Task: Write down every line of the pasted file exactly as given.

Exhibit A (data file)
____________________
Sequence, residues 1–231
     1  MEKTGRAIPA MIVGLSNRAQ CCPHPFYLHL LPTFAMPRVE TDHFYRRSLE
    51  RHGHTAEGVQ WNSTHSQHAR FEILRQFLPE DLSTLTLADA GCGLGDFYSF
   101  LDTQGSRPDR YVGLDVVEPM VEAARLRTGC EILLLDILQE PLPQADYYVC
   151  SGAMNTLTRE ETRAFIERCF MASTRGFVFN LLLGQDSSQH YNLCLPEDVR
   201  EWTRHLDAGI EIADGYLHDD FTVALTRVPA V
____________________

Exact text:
Sequence, residues 1–231
     1  MEKTGRAIPA MIVGLSNRAQ CCPHPFYLHL LPTFAMPRVE TDHFYRRSLE
    51  RHGHTAEGVQ WNSTHSQHAR FEILRQFLPE DLSTLTLADA GCGLGDFYSF
   101  LDTQGSRPDR YVGLDVVEPM VEAARLRTGC EILLLDILQE PLPQADYYVC
   151  SGAMNTLTRE ETRAFIERCF MASTRGFVFN LLLGQDSSQH YNLCLPEDVR
   201  EWTRHLDAGI EIADGYLHDD FTVALTRVPA V